Furthermore, in order to control the blade tip clearance, flow of the compressor bleed air through the turbine shroud must also be controlled. Uncontrolled leakage of the bleed air through the various Joints in the turbine shroud assembly directly affects heat transfer and therefore thermal performance of the shroud. And, uncontrolled leakage of the bleed air from the shroud cavity disposed directly above each of the shroud panels has an undesirable effect on backflow margin. Backflow margin is a conventional parameter which indicates the pressure gradient across the shroud panels with a higher pressure being desired above the panels relative to the pressure of the combustion gases which flow along the inner surfaces thereof. Unless the backflow margin is maintained at a suitable level, combustion gases could be undesirably ingested backwardly through the various cooling holes provided for discharging the bleed air through the panels. This could considerably shorten the useful life of the shroud panels during operation.
A shroud panel for a turbine shroud includes forward and aft hooks which are used to support the panel radially above a plurality of turbine rotor blades. The panel forward hook has radially outer and inner lands, with the outer land being defined by a plurality of pads circumferentially spaced apart from each other by a respective recess. The panel forward hook is sized to engage the complementary forward slot of the turbine shroud substantially concentrically therein. The pads and recess restrict flow leakage around the panel forward hook for maintaining backflow margin and improving clearance control.
The invention, in accordance with preferred and exemplary embodiments, together with further objects and advantages thereof, is more particularly described in the following detailed description taken in conjunction with the accompanying drawings in which:
FIG. 1 is a partly sectional axial view through portions of axisymmetrical turbine shrouds in accordance with one embodiment of the present invention surrounding two stages of turbine rotor blades extending outwardly from respective rotor disks.
FIG. 2 is an enlarged view of the first stage turbine shroud illustrated in FIG. 1 showing in more detail turbine shroud panels supported by a hanger over first stage turbine blades.
FIG. 3 is a forward-facing-aft sectional view of a forward hook of one of the shroud panels illustrated in FIG. 2 disposed in a complementary forward slot of the hanger with clearances therebetween being greatly exaggerated for emphasis, and taken along line 3--3.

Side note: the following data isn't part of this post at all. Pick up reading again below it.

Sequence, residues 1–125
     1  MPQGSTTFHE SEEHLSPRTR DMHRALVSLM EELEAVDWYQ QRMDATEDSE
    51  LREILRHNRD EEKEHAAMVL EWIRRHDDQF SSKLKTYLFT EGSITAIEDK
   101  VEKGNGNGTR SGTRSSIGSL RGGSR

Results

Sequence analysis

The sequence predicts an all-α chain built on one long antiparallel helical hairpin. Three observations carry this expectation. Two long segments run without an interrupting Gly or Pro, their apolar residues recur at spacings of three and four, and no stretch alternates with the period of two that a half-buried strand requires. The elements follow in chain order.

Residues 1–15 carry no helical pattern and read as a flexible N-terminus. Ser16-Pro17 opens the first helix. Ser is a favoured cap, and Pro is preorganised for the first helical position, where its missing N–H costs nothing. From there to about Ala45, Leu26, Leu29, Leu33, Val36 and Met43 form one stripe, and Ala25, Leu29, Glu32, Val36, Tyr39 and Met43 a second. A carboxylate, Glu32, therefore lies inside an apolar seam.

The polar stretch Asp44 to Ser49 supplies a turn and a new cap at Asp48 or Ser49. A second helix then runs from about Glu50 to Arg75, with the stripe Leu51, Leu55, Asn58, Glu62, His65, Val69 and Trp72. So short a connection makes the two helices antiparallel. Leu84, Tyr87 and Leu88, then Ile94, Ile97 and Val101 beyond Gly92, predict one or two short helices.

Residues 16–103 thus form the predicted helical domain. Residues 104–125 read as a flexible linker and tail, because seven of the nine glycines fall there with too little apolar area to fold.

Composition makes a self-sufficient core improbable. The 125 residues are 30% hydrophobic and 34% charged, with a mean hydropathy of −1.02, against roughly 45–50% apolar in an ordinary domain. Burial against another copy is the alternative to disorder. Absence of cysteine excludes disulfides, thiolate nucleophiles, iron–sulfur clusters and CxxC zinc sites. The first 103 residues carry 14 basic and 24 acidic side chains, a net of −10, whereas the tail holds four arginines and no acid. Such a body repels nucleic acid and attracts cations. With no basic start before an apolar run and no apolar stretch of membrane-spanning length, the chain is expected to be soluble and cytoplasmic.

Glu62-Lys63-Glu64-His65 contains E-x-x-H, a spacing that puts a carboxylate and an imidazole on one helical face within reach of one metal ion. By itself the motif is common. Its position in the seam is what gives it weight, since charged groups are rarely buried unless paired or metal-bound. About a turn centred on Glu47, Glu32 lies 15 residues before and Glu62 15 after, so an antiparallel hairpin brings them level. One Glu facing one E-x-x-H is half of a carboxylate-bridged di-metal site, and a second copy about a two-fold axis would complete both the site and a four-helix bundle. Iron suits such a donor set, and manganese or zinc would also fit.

FIG. 4 is an aft-facing-forward perspective view of an exemplary one of the first stage shroud panels illustrated in FIGS. 1-3 showing in more particularity the forward hook thereof including a plurality of pads and respective recesses disposed circumferentially therebetween.
Illustrated in FIG. 1 is an exemplary embodiment of a pair of turbine shrouds 10, 10b which are axisymmetrical about an axial centerline axis 12 in an aircraft gas turbine engine. The aircraft engine also includes one or more conventional compressors one of which is represented schematically by the box 14, with compressed air being channeled to a conventional combustor (not shown) in which the air is mixed with fuel and ignited for generating hot combustion gases 16 which are discharged axially therefrom.
Disposed downstream from the combustor is a conventional high pressure turbine (HPT) 18 which receives the combustion gases 16 for extracting energy therefrom. In this exemplary embodiment, the HPT 18 includes at least two stages, with the first stage including the first stage turbine shroud 10 and the second stage including the second stage turbine shroud 10b. The first and second stages include conventional first and second stage stationary turbine nozzles 20, 20b each having a plurality of circumferentially spaced apart stator vanes extending radially between outer and inner annular bands. Disposed downstream from the nozzles 20, 20b are respective pluralities of circumferentially spaced apart first and second stage turbine rotor blades 22, 22b extending radially outwardly from first and second stage rotor disks 24, 24b axisymmetrically around the centerline axis 12.
The first stage turbine shroud 10 illustrated in FIG. 1 is an assembly including a corresponding portion of an annular outer stator casing 26 which provides a stationary support for the several components thereof. The outer casing 26 is axially split at a pair of adjacent first and second radial flanges 26a and 26b which complement each other and are formed as respective integral ends of the casing 26 at the splitline. An annular, one-piece shroud ring or support 28 is suspended from the casing first and second flanges 26a,b and is used in both the first and second stage shrouds 10, 10b, as well as supports the second stage nozzle 20b. The shroud support 28 is generally L-shaped in transverse section and has an annular radial support flange 30 and an integral annular forward support leg 32 which extends axially forwardly from a radially inner end of the support flange 30. The forward support leg 32 extends axially forwardly for supporting respective components of both the first and second stage turbine shrouds and the nozzle 20b.